The bondholders' lawyers pressed Owens about certain remarks, including whether the IRS wants to avoid disrupting the market as much as possible. At one point, Judge Jacobs intervened to clarify if the IRS is worried about disruption of the market, to which Owens replied, "the answer is yes."

Juan Keller, the Bryan Cave lawyer who questioned Owens, also pressed the official on whether "bondholder beware" should be the standard in cases where the IRS cannot reach resolution with an issuer over an arbitrage dispute.

Judge Jacobs intervened again to clarify whether bondholders indeed could expect "the worst" in such cases and possibly see an issue declared taxable. Owens testified that that is the current law, "for better or worse."

At around this point in the questioning, Judge Jacobs went off the court record to underscope some of his broader concerns about questions being raised in the case. If it is shown in this case, for example, that arbitrage profits went into the hands of the underwriters rather than the county, Jacobs wondered what the likelihood was of the IRS and the issuer reaching a closing agreement when the issuer will argue it did not get the money in the first place.

The end result, he said, is that "innocent taxpayers" get dragged into court because of the remedy of declaring the issue taxable.

Jacobs said: "I wouldn't be surprised" to see Congress try to address this dilemma if the tax court upholds the government's action to tax the bonds. Jacobs also suggested Owens may want to raise this concern when upon returning to Washington D.C., and the judge prompted some laughter in the courtroom when he said "I would bless you" if Owens could make the case "go away."

Other testimony over the last two days has focused on the handling of the bond sales themselves. Bryan Cave lawyers have attempted to show that local officials did not realize anything was amiss with the deals. On cross-examination, however, lawyers for the IRS have tried to show that various discrepancies in the bond documents and other material should have raised a red flag.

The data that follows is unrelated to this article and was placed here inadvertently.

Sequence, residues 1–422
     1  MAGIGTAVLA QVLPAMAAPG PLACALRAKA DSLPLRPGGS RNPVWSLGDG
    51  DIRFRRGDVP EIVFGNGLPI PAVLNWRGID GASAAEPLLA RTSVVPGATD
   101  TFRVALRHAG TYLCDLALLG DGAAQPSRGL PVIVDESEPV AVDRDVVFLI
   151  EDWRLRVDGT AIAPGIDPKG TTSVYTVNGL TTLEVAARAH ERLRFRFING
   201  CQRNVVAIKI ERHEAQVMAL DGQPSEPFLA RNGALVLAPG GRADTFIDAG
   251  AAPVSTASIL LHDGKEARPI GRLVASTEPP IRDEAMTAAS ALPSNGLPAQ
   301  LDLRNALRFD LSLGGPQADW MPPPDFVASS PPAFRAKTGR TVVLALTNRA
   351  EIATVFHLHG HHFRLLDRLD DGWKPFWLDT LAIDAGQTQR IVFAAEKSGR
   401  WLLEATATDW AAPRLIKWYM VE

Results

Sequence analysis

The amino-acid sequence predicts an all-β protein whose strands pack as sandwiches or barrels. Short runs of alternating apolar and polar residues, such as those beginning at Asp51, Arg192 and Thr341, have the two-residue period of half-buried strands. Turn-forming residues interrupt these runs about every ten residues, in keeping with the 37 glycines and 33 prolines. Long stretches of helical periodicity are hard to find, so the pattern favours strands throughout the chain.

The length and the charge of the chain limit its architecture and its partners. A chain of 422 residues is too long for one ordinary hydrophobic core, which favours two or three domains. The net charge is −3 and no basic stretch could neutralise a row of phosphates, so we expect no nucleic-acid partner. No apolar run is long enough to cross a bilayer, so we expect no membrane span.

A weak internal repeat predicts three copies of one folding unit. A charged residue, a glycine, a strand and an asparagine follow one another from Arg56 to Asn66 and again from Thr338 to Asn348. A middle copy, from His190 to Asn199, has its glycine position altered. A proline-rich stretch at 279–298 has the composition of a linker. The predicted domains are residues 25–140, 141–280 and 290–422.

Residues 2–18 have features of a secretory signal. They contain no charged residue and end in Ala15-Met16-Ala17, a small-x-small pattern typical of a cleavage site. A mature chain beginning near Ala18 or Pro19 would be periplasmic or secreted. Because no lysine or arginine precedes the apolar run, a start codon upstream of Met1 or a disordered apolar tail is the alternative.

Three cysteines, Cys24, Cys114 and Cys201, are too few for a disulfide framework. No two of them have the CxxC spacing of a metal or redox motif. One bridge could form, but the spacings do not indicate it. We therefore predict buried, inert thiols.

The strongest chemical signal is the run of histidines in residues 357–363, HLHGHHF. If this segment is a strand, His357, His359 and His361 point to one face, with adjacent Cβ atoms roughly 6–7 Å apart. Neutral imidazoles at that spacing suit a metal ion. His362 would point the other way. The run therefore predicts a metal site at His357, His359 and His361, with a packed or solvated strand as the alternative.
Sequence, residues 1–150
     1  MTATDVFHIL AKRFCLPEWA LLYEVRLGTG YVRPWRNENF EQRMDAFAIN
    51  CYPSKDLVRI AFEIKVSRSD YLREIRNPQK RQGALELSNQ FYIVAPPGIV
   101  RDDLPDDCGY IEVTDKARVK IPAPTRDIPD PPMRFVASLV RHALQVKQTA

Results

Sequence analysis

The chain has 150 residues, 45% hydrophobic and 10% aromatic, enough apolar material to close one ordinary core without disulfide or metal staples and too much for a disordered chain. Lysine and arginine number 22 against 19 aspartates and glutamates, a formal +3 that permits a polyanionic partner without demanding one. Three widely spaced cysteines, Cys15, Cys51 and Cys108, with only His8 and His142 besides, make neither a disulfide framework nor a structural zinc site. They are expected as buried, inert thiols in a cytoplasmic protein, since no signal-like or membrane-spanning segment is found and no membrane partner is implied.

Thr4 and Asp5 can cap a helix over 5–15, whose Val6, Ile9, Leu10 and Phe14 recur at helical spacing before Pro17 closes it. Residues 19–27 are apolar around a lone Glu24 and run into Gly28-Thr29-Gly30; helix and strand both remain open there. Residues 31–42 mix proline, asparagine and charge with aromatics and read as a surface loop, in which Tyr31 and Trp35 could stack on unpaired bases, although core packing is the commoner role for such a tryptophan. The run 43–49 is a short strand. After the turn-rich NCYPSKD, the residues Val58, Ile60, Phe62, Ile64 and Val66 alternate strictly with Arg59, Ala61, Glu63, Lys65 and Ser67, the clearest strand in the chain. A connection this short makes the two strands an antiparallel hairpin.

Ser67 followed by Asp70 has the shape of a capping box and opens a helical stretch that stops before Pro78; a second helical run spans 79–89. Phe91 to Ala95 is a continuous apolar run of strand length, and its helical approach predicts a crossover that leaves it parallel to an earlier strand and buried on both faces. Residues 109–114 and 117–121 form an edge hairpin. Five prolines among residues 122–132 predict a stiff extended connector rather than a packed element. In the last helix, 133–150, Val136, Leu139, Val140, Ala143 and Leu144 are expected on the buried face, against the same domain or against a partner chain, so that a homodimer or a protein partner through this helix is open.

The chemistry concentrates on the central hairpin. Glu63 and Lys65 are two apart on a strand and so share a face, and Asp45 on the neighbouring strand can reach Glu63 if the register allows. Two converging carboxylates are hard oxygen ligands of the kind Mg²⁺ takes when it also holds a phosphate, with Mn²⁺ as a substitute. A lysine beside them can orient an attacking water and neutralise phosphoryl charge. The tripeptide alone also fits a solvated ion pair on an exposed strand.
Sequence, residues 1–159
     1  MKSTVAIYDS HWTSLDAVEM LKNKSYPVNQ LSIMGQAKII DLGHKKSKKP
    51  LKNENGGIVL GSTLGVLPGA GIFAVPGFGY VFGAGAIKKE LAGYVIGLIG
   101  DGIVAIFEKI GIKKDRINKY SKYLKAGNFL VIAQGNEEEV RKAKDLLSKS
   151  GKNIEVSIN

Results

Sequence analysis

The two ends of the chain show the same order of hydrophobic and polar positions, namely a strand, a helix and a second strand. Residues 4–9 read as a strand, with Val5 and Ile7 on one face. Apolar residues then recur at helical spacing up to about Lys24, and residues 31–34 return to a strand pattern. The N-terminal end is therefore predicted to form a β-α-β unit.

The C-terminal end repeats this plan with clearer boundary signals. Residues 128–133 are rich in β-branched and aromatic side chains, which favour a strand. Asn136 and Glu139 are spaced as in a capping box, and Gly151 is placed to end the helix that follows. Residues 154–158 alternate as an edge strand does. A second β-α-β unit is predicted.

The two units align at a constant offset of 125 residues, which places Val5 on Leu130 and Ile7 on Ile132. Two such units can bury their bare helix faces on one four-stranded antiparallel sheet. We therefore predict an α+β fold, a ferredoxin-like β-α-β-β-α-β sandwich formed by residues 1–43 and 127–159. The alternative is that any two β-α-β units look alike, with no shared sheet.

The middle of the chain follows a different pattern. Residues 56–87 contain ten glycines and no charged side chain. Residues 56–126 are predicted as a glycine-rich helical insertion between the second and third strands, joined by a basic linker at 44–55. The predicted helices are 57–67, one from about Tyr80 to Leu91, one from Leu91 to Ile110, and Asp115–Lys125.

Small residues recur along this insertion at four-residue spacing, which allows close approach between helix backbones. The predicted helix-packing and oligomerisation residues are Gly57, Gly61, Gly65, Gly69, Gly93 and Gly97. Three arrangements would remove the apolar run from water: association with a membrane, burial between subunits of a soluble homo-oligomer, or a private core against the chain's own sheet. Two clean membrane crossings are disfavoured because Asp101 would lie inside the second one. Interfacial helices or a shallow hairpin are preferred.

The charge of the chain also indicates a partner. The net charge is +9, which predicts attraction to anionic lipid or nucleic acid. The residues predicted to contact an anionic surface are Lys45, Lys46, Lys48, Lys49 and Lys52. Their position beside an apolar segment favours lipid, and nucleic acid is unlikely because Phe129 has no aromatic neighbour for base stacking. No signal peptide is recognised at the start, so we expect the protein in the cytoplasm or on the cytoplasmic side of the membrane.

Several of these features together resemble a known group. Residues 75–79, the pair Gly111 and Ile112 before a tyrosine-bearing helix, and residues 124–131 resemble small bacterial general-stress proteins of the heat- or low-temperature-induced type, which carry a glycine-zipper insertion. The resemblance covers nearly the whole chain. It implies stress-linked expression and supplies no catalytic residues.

The $17.5 million of Whitewater Garden bonds and the $13 million of Ironwood bonds were issued by the Riverside County, Calif., Housing Authority to build apartment projects. The Whitewater Garden project was never built. The Ironwood project was built under the name Cross Creek Village, but not with bond proceeds, according to the federal government.

Part of the dispute centers on the issuance date for the bonds. Harbor Bancorp and the Keiths claim the bonds were issued on Dec. 31, 1985, the date they were delivered.

The IRS, however, contends the issuance was a "sham" because it involved a so-called black box structure featuring a cashless closing scheme.

The IRS claims the bonds were not validly issued until a remarketing in 1986, which would qualify the debt as "arbitrage bonds" subject to arbitrage rebate requirements for tax-exempt multifamily housing bonds issued after 1985.

Subscribe Now

Access to authoritative analysis and perspective and our data-driven report series.

14-Day Free Trial

No credit card required. Complete access to articles, breaking news and industry data.